RICHMOND, Va. – Two more residents of a Virginia long-term care facility dealing with a coronavirus outbreak have died, the facility announced Friday, bringing the total to six.
The Canterbury Rehabilitation & Healthcare Center said in a news release issued late Friday afternoon that two residents who were presumed positive for COVID-19 have died within the last 24 hours. Canterbury said those residents' test results have not yet been confirmed. Four deaths were reported earlier in the week.
The facility, which serves mainly elderly patients with underlying health conditions, also reported two additional residents had tested positive, bringing that total to 19. Six health care workers have previously tested positive.
Some of the patients are being treated at a hospital and the others are being cared for onsite in an isolated unit, according to the statement.
A top local health official told The Associated Press this week that the facility is facing a shortage of both personal protective equipment for its workers as well as a staffing shortage as it deals with the outbreak. Relatives of patients at the facility where visitors are not permitted have expressed grave concerns about their loved ones.
Canterbury also has tests that are outstanding. A spokeswoman said the facility currently has about 150 patients. About 50 were symptomatic, Dr. Danny Avula, director of the Richmond and Henrico health districts, said Friday.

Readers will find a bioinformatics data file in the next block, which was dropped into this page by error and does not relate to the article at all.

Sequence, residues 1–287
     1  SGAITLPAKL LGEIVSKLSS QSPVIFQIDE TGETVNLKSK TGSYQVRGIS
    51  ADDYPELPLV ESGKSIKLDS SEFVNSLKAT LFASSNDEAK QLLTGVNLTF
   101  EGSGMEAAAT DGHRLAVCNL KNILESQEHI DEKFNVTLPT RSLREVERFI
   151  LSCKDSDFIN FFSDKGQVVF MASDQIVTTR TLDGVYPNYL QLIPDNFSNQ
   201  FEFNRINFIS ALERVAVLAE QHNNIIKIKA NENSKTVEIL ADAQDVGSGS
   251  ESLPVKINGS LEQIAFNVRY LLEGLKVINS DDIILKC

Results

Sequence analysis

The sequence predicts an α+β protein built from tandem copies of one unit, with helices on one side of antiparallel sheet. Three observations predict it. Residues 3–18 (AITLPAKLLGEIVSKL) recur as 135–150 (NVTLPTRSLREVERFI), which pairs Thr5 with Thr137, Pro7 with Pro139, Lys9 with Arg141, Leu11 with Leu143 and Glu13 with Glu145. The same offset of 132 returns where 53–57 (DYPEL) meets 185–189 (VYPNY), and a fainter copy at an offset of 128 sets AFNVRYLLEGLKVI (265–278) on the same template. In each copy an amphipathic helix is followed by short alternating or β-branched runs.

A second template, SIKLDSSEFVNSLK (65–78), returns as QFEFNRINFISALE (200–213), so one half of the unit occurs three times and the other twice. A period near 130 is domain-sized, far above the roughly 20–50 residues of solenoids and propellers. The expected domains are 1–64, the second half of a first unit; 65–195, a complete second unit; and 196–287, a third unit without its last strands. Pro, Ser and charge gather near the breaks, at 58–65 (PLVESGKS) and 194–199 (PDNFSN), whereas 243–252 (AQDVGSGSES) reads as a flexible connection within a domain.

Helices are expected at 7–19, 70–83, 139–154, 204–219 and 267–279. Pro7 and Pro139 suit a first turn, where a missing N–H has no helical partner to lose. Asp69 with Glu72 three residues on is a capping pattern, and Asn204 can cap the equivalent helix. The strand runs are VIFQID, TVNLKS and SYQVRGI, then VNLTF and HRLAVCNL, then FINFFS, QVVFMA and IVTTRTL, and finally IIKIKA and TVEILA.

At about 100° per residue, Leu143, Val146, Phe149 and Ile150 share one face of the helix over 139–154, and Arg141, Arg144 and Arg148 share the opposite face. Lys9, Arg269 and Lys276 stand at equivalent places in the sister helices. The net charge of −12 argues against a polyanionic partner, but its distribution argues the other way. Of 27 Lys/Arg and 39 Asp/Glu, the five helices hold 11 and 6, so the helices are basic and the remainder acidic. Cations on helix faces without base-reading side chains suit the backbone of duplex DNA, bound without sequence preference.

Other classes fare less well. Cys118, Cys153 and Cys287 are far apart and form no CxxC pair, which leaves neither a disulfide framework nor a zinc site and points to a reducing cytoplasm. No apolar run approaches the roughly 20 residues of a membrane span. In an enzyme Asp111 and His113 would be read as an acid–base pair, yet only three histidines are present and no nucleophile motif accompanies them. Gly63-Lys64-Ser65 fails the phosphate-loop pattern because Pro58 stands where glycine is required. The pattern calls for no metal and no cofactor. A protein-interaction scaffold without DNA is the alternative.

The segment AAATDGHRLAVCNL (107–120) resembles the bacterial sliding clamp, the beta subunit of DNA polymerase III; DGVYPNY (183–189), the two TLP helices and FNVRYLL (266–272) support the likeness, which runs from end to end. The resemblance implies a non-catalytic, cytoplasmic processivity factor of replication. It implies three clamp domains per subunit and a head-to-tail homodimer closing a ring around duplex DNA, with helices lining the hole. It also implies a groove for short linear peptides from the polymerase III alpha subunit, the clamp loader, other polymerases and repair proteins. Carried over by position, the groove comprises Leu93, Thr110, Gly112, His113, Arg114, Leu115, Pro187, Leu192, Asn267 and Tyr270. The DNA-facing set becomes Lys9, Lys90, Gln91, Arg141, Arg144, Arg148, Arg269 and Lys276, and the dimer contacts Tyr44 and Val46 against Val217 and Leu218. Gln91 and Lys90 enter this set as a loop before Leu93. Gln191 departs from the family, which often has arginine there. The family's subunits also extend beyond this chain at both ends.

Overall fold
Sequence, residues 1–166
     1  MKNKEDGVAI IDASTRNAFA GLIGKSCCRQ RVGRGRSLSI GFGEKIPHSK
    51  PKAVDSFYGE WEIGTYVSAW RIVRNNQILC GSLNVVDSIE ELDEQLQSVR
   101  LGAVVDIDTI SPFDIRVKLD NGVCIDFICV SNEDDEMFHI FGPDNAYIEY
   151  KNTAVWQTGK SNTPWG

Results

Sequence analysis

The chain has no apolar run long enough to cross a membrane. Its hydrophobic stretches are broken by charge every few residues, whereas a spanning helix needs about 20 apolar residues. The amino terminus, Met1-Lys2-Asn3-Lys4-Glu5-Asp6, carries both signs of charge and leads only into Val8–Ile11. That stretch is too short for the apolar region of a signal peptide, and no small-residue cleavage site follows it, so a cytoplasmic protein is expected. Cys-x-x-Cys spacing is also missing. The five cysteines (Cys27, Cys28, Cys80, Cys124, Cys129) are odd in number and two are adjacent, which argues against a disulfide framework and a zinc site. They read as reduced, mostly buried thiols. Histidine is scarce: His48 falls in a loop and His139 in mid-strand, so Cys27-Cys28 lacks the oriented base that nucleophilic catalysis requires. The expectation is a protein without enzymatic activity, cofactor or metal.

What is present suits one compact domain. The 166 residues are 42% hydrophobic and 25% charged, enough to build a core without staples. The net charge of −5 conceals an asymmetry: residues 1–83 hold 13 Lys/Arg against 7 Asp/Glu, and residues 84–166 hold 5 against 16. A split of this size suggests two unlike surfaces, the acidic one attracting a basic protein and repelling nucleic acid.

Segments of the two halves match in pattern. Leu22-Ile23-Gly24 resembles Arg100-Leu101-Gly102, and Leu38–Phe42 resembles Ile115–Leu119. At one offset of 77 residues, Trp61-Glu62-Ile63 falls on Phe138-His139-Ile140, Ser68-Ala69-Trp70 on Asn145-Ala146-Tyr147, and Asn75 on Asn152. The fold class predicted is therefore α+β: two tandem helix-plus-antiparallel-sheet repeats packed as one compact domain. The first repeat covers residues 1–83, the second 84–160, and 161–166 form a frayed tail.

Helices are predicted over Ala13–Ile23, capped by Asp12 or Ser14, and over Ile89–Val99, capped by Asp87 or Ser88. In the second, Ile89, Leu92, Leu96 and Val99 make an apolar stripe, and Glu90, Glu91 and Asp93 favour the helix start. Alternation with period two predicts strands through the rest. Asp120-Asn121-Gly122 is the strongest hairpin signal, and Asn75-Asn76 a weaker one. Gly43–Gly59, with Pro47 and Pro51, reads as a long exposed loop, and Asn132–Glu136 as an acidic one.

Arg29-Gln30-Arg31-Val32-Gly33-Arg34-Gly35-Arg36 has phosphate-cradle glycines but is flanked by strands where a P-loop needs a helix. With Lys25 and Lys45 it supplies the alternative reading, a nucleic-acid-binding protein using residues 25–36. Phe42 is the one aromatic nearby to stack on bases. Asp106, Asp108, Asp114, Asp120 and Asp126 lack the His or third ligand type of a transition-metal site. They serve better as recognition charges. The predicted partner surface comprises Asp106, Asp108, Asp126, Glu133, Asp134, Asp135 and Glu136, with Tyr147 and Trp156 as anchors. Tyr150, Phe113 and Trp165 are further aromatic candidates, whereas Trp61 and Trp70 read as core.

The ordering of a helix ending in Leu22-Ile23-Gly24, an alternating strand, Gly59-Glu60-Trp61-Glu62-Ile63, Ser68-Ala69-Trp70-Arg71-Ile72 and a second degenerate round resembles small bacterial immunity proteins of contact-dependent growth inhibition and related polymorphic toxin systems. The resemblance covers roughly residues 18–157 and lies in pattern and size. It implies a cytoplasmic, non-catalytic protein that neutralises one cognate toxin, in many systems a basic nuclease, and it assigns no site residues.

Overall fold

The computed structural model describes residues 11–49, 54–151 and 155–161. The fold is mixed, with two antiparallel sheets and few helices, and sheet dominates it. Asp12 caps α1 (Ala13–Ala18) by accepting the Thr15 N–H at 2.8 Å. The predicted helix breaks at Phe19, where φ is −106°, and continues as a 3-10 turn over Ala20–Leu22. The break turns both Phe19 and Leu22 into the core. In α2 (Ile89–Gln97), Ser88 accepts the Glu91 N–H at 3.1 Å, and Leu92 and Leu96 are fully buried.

The total number of cases of COVID-19 cases in Virginia surpassed 600, according to numbers reported Friday by the state health department, with more than a dozen deaths.
Gov. Ralph Northam said at a press conference that he expected cases to increase for "some weeks ahead," and he emphasized that practicing social distancing is the best way to help slow the spread of the virus and prevent the health care system from becoming overwhelmed.
"I can't repeat myself enough: Virginians, you need to stay at home," he said.
For most people, the new coronavirus causes mild or moderate symptoms, such as fever and cough that clear up in two to three weeks. For some, especially older adults and people with existing health problems, it can cause more severe illness, including pneumonia and death.
The virus has caused a global pandemic that has crippled economies, forced restrictions on the movement of millions of people, and sickened more than 585,000 and killed more than 26,000 worldwide, according to a count kept by Johns Hopkins University.
Cases of COVID-19 have been disclosed in at least three other long-term care or assisted living facilities in Virginia. The health department did not respond to questions from the AP this week about exactly how many such facilities had cases.
Joani Latimer, the state's long-term care ombudsman, said the coronavirus outbreak is the "perfect storm" for facilities like Canterbury that have lots of vulnerable residents living in close quarters and struggled with a workforce shortage even before the pandemic.
“It’s very, very frightening,” she said.